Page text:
A reader wrote in asking for advice with her 3 year old. The child was potty trained to use the toilet to pee but had issues with being regular for her bowel movements. The child had memory of constipation and the pain had stayed with her. It was now preventing her from learning. She was, in fact, afraid and would hold herself till she had an accident. What positive parenting advice did I have for her.
I am not a doctor and my advice is only a ‘been there, tried this’ approach. You should always consult your doctor to rule out a medical as well as a physical reason.
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What Potty Training Really Means:
Potty training means the child’s ability to independently use the toilet for both her movements. Many children have a problem with going to the toilet for one or the other reason.
Potty Training is not an instant process or that which takes a few days or weeks!
You may teach her to get used to using the toilet in a few days but continuing to use it for the rest of her life is something that your child will have to learn and make a habit out of. The child who has been in diapers for two years or more and had no reason to think in that direction is now being made to realize her movements and also the need to go use a toilet for them. It is something your child will be anxious about. If amongst all that chaos, she has previous trouble with her movements like pain or constipation, it becomes a challenge.
A child who is ready to be potty trained requires a level of maturation to have the patience to first sit on that potty and then (don’t laugh!) have to concentrate to have that movement. Getting them to sit is the first step and then, getting them to do the job is the next thing. Mostly, with the first step, peeing becomes easy. But, sitting on that potty to have a bowel movement requires that patience. If they have memory of pain or if they have constipation then it becomes scary. They may not sit and the whole thing will become an ordeal.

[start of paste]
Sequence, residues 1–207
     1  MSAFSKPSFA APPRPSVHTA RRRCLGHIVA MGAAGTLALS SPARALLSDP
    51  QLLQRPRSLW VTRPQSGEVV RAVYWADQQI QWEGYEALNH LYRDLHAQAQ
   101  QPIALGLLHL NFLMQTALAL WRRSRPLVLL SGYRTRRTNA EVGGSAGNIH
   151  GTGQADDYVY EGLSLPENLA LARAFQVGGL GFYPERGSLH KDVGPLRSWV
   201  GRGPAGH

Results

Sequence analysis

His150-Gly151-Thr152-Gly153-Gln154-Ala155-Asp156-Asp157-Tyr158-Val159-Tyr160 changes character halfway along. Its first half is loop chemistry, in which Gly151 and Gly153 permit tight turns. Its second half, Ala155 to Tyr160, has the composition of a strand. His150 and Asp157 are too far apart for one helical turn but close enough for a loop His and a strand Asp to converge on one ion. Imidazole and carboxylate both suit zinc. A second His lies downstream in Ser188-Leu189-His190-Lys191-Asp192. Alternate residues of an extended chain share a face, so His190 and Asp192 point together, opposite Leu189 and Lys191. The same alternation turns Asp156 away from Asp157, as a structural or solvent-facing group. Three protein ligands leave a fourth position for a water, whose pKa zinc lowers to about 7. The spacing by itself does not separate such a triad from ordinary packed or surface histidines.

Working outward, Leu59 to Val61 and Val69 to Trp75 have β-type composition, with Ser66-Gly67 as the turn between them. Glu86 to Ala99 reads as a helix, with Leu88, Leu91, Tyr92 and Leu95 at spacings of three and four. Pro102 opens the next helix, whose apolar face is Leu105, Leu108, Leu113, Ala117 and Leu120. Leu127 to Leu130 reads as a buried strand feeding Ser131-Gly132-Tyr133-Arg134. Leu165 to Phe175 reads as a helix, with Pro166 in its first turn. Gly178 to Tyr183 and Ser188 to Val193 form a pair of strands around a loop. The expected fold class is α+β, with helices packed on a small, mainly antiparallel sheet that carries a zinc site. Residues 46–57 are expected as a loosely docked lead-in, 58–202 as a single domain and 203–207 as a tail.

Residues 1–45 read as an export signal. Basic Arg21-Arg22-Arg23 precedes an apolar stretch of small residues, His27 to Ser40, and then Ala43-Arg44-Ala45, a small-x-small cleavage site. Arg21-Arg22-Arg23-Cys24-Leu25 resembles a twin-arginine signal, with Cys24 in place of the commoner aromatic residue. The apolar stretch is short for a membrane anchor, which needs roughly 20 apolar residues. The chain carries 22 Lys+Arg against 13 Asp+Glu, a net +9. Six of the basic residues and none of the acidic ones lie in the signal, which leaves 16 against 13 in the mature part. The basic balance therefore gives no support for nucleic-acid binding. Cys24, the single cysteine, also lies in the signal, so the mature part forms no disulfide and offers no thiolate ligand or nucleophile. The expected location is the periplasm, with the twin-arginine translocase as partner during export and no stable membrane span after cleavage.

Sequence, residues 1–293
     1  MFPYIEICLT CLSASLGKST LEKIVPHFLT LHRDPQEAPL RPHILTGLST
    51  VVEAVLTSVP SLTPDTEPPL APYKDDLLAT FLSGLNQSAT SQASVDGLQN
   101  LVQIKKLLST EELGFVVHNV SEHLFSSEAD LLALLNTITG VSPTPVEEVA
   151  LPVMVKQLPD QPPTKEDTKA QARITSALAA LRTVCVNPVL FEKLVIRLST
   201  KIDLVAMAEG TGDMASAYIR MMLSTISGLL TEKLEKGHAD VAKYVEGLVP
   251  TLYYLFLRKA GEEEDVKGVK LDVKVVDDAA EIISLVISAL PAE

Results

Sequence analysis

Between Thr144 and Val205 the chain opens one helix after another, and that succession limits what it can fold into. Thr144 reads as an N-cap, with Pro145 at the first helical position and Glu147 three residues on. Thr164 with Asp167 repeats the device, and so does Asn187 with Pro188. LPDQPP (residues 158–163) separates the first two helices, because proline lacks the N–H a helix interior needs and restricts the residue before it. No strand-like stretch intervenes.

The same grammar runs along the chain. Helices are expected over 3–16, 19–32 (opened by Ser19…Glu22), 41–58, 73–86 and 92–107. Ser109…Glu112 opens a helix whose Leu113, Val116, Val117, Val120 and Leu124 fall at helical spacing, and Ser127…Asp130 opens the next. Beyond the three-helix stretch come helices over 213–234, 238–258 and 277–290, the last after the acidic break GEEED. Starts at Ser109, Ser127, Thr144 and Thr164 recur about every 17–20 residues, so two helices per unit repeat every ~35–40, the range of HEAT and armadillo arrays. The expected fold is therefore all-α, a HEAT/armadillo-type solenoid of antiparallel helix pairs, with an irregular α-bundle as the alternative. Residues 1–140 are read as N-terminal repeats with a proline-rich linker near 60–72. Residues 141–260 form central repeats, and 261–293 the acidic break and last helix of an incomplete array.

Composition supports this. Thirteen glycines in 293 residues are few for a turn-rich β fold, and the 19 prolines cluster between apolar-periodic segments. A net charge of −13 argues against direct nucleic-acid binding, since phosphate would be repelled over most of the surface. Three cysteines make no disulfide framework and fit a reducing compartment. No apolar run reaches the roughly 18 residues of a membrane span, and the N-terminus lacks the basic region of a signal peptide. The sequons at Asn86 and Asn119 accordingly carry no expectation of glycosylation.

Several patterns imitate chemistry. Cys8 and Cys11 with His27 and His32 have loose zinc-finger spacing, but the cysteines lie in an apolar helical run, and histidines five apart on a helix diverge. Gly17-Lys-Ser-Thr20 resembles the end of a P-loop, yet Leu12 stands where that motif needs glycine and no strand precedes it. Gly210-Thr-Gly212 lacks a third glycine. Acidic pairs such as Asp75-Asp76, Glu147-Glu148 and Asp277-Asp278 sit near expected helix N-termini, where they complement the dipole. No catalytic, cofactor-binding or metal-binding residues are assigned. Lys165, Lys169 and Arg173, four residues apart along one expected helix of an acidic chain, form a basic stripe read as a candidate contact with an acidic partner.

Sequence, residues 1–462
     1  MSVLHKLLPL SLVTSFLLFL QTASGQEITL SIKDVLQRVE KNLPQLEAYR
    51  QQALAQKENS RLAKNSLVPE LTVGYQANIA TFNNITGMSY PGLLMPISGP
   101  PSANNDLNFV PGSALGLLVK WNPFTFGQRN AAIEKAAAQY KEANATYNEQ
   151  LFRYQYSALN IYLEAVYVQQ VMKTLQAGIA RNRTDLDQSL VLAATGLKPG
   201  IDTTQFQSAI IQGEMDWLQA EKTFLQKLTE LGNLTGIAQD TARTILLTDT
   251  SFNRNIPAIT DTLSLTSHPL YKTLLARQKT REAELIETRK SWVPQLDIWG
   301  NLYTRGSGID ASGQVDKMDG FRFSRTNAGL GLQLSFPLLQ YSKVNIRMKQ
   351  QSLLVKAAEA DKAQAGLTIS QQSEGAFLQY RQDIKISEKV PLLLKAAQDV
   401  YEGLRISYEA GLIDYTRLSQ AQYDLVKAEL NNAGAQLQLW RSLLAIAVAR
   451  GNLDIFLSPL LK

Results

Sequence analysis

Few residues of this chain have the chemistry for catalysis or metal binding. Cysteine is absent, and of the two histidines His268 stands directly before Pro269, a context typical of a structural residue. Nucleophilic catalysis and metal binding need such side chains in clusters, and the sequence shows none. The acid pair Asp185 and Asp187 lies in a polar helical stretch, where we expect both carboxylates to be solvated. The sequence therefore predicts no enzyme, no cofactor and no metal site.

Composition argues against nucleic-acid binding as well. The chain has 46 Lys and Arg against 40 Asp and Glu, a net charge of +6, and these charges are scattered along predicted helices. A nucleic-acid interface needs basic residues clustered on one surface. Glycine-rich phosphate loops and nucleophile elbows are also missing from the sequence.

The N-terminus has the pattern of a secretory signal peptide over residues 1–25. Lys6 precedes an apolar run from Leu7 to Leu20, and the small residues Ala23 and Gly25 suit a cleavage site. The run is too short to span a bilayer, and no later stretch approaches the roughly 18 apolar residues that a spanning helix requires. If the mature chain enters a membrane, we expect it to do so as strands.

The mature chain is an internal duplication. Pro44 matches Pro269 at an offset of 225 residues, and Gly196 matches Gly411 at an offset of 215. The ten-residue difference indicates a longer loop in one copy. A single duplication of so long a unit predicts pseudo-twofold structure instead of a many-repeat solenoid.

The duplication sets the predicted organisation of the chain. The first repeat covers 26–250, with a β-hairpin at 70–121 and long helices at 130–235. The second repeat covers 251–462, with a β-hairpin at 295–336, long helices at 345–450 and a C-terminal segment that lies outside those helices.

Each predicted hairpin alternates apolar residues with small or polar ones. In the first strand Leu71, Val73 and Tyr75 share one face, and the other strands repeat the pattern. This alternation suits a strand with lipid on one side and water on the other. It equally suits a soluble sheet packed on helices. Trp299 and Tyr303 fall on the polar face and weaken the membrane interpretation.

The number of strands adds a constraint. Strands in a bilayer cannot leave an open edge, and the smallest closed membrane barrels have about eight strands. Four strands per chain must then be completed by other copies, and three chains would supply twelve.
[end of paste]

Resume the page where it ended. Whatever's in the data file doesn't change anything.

Sitting on that potty to have a bowel movement requires patience. If they have memory of pain or if they have constipation then it becomes scary. They may not sit and the whole thing will become an ordeal.
If you have gotten your child to cross that first step of learning to use the potty to even pee then, congratulations! You’ve won half the battle. The other half requires a lot of dedication on the mom’s part. Teaching your child, encouraging them and then rewarding them too.
How do I get my reluctant child to use the toilet?
There are two steps to solving this problem.
1. Why won’t my child sit on the potty?
Why she doesn’t want to go. Is she in pain? May be she is scared of the toilet or the seat?Is it possible she is bored? Could she be constipated? May be she is anxious? Is there some other medical or physical reason that you may not be considering?
2. How to make your child sit on the potty longer.
What can you do about the problems you found? How can you make her sit on the potty longer? Whatever it takes is okay in the first few days, I feel. Give them candy, exclusive potty time toys, books, technology… sing to them, make that potty interesting… or play games. Whatever it takes. You will need to be a master at the art of distraction to get them to sit for as long.
Related: Here is what to do When Your Child Won’t Poop on the Potty
Discuss the matter with her doctor to rule out any medical issue and ask for his advice too. Find ways to alleviate her constipation.
3. Is your child really ready to be potty trained?
Sometimes parents potty train their child too soon. You need to first confirm that your child is really ready.
Next, Shop for a toilet seat that she will love to sit on.
Look out for her curiosity or any interest she is showing when you or a family member goes to the bathroom.